NASA tech reduces common chemo side effect

NASA technology has helped reduce the side effects resulting from chemotherapy and radiation treatment in bone marrow and stem cell transplant patients. The technology was originally developed for plant growth experiments on space shuttle missions, according to the space agency.

In a two-year clinical trial, cancer patients undergoing bone marrow or stem cell transplants were given a far red/near infrared light emitting diode treatment called High Emissivity Aluminiferous Luminescent Substrate, or HEALS, to treat oral mucositis--a common side effect of chemotherapy and radiation treatment. The trial concluded there is a 96 percent chance that the improvement in pain of those in the high-risk patient group was the result of the HEALS treatment.

The HEALS device, known as the WARP 75 light delivery system, can provide a cost-effective therapy as the device itself is less expensive than a day at the hospital and a proactive therapy for symptoms of mucositis that are currently difficult to treat without additional, negative side effects.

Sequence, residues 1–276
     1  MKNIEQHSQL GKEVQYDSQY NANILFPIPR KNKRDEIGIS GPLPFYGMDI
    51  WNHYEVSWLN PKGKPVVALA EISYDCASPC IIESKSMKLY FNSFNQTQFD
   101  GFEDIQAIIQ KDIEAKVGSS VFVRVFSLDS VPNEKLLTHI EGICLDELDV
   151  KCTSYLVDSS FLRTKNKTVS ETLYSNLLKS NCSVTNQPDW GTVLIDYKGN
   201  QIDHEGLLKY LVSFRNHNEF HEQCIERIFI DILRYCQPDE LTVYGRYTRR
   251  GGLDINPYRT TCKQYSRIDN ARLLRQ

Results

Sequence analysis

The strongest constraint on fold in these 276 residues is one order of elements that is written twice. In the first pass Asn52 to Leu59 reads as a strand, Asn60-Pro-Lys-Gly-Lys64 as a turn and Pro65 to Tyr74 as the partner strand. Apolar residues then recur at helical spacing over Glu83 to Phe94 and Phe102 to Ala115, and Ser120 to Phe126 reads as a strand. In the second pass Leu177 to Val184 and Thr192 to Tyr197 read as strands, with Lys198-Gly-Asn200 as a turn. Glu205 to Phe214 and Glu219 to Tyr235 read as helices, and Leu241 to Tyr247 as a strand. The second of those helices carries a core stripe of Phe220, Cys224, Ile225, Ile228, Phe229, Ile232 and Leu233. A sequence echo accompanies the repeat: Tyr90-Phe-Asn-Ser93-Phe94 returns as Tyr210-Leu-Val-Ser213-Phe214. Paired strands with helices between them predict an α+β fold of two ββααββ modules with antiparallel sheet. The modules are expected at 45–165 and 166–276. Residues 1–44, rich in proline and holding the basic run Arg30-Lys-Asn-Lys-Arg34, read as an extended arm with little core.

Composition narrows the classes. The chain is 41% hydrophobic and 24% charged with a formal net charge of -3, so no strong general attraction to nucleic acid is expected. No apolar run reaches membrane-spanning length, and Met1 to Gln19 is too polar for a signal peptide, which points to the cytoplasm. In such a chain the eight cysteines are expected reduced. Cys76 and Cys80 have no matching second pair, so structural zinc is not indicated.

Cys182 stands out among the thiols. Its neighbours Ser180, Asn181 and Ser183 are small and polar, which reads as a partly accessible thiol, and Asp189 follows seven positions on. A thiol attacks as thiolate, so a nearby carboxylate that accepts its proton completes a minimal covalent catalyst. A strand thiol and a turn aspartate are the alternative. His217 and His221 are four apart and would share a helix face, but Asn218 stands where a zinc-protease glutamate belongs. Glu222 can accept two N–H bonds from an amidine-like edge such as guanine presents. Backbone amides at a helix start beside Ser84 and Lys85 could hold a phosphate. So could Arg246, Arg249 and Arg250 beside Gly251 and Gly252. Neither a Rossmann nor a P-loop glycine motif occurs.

"Using this technology as a healing agent was phenomenal," explains Donna Salzman, clinical trial principal investigator and director of clinical services and education at the Bone Marrow Transplant and Cellular Therapy Unit at the University of Alabama at Birmingham Hospital. "The HEALS device was well tolerated with no adverse affects to our bone marrow and stem cell transplant patients."

- read the NASA release

Suggested Articles

Boehringer Ingelheim tapped Healx to help identify new drug indications and leverage its AI to explore R&D options in neurological diseases.

CMR Surgical will have a new CEO at the top of the year, as it kicks off the global launch of its modular Versius system while awaiting FDA approval.

The ADDF announced its second round of research awards, with a total of $6 million in new funding for diagnostic tests.